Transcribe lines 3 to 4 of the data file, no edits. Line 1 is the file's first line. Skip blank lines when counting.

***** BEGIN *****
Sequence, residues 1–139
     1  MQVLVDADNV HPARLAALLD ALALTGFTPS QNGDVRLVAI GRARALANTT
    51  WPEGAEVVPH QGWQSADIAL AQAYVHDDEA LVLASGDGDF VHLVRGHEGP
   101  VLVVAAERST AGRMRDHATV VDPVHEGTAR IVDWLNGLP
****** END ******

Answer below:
    51  WPEGAEVVPH QGWQSADIAL AQAYVHDDEA LVLASGDGDF VHLVRGHEGP
   101  VLVVAAERST AGRMRDHATV VDPVHEGTAR IVDWLNGLP